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Graphic Novelist Wanting to Verify Info

  1. Jan 18, 2012 #1
    I want to double check a piece of dialogue talking about a renovation in aerospace travel. This renovation enables Earth to Mar's transit in seventeen hours or so.

    "October, 2014. Terra-Cotter revolutionizes magneto plasma rockets by hybridizing thermal syncs and cyclical cyclotron resonance decreasing Earth-Mars transit to forty-eight hours."

    If this doesn't make sense, tell me how it can. And what it would require.
     
  2. jcsd
  3. Jan 18, 2012 #2

    DaveC426913

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    I think you mean "innovation". :wink:
    1] 48 hours to Mars is ridiculously short. At closest approach, and as the crow flies, Mars is 35 million miles away. (At farthest distance, Mars is over 400 million miles away.) Under optimal conditions (once a year) that's still a speed of 3/4ths of a million mph - 20 times our fastest space probe and 30 times our fastest manned capsule.
    2] That's not counting acceleration and deceleration. Factoring these in makes your top speed even higher, depending on how many g's you want your passengers to pull.
    3] The fuel to do this would be ridiculous. And more fuel means a bigger craft. And a bigger craft means more fuel. It is a snowball process. So, what happens is, you get a formula that correlates mass of craft with the inverse of trip duration. You craft might have to be 100 or 200 times larger than a craft delivering the same payload at more a reasonable speed of many weeks or months.

    At one point, you say 17 hours. This just cannot be done in any near future scenario. It would require new forms of propulsion so that the fuel storage does not consume 99.99% of your payload allotment. Also, regardless of fuel, you're going to definitely run into accelerative force problems with your passengers. No way around that except immersing them in water for the entire trip.

    We are a century or more away from what you want.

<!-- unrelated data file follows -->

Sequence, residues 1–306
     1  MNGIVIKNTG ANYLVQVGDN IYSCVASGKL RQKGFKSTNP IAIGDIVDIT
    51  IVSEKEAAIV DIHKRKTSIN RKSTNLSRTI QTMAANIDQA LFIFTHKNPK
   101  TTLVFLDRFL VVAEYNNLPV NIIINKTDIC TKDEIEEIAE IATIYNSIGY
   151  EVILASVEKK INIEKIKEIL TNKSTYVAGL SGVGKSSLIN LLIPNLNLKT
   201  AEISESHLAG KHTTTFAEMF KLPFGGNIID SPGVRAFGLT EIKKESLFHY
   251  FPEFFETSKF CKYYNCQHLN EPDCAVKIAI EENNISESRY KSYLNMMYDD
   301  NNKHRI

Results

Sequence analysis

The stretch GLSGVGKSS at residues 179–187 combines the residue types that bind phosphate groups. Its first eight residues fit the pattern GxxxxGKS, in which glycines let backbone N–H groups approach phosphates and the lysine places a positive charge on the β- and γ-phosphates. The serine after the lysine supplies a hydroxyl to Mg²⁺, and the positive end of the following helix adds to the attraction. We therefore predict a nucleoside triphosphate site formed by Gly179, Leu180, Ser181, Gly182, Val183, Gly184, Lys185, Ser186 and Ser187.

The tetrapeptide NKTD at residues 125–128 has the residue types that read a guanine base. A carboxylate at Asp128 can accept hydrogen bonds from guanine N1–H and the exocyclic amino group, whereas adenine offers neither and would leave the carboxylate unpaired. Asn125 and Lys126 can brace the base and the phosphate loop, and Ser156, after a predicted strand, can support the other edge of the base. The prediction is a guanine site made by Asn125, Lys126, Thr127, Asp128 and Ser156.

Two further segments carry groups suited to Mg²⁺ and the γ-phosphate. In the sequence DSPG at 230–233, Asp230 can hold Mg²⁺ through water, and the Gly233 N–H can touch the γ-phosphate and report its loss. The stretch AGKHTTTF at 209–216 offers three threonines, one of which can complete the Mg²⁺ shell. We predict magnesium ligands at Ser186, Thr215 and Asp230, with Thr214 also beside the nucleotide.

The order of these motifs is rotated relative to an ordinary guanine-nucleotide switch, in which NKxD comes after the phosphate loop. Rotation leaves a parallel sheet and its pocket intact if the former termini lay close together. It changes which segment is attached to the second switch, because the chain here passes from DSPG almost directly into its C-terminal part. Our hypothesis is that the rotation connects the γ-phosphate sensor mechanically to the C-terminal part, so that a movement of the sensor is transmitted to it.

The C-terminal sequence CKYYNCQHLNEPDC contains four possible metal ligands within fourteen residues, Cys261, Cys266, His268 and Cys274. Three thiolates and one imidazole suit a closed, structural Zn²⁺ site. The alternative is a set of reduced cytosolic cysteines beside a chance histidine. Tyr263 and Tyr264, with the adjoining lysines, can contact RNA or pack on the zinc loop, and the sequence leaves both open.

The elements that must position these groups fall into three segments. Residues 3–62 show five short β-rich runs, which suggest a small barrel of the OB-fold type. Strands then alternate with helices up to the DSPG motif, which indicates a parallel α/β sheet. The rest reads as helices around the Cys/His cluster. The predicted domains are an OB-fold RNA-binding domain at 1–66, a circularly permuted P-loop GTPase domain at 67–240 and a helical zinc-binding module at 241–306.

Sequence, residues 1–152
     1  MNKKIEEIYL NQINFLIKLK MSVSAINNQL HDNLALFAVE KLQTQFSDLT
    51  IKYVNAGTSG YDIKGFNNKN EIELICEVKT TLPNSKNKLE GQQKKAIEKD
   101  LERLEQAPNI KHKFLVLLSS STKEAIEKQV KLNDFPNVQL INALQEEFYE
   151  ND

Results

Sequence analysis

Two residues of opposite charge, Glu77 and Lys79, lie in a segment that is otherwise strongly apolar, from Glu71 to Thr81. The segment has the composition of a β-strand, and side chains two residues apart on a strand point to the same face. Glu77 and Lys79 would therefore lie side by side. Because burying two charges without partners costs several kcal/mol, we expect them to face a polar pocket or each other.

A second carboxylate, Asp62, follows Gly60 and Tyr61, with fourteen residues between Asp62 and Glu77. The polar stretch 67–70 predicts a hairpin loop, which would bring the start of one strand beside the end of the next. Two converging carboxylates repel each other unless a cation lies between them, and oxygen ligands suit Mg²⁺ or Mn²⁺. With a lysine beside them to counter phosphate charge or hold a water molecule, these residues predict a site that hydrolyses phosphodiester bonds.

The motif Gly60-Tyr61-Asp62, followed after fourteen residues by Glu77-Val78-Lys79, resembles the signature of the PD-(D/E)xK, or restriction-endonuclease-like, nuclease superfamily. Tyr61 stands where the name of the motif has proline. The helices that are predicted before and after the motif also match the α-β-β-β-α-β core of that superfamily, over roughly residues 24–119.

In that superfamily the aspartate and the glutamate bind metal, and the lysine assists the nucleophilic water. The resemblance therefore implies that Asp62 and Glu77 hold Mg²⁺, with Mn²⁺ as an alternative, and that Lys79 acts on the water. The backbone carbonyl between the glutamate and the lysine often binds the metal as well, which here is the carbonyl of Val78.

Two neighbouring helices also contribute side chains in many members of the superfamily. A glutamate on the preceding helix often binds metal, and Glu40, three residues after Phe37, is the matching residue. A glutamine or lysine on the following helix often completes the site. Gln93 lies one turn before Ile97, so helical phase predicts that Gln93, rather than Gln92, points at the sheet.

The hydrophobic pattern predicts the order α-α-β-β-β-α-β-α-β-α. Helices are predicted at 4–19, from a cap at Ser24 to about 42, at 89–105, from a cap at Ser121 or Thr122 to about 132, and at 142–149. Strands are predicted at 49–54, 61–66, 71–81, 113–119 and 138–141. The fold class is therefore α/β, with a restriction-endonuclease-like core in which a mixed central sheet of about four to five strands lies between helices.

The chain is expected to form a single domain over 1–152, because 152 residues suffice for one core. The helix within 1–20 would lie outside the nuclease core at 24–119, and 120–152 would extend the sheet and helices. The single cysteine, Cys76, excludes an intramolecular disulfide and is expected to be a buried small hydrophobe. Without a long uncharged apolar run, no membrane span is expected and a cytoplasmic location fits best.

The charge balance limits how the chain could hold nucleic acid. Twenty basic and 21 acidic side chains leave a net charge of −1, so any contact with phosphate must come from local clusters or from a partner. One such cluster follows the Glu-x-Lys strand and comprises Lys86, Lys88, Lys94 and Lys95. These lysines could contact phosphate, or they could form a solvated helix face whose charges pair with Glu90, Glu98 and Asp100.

Last edited: Jan 18, 2012
  4. Jan 18, 2012 #3
    And the theory of antimatter particle collision propulsion?
     
  5. Jan 18, 2012 #4

    DaveC426913

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    You haven't mentioned anything about that. I don't know what "magneto plasma rockets by hybridizing thermal syncs and cyclical cyclotron resonance" is.

    But if you're firing off a matter-antimatter rocket near Earth, the population will have something to say about the radiation.

    Regardless of your propulsion method, you'd need to verify how many g's your payload will be pulling.

    Assume it accelerates at constant rate for half the trip, then decelerates. So halve 35,000,000 miles and halve the time (17 hours or 48 hours depending on which you meant), how many g's must it pull to travel 17.5 million miles in 8.5/24 hours?
     
  6. Jan 18, 2012 #5
    Well, it may have been too advantageous of me to root all of by science fiction elements in factual "using the term loosely" theory. So, does this sound coherent enough that the less knowledgeable wouldn't care to understand it, and just accept it has a bit of unfeasible science fiction?

    By hybridizing, I mean that these spaceflight engines use combustive fuels to break atmo and then switch to ionic/plasma particle propulsion systems for travel within space. My understanding is that the VASMIR engine is too small to grant larger objects motion at great speeds, and can easily overheat when used steadily. So by recycling energy and using "I guess" cooling conduits of a sort, these modifications allow these multiple and much larger "versions" of the VASMIR to steadily propel spacecraft.

    It's supposed to be crude in a manner of speaking. Not to mention my science literacy is extremely limited when it comes to a exact and full understanding the jargon I'm using. I've done so much background research that my head is spinning, hard to keep it all in line and "accurate." I have a psychology background, and use biological psychology profusely with things like nano-molecular research.
     
    Last edited: Jan 18, 2012
  7. Jan 18, 2012 #6

    DaveC426913

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    I think the biggest problem is not the details but the big picture.

    Even if some revolutionary technology were discovered, it will optimistically be a decade before it could be turned into a propulsive system, and then another decade building craft to put people in it to go to a distant planet beyond any help if their new craft runs into trouble.

    You just would not have a new technology being turned into a manned mission in your timeframe.

    Not to mention the fact that what would these people do once they got there? If they are the first pioneers, then they need to bring their entire habitat with them, as well as the means to get home (and all the fuel to do so as well).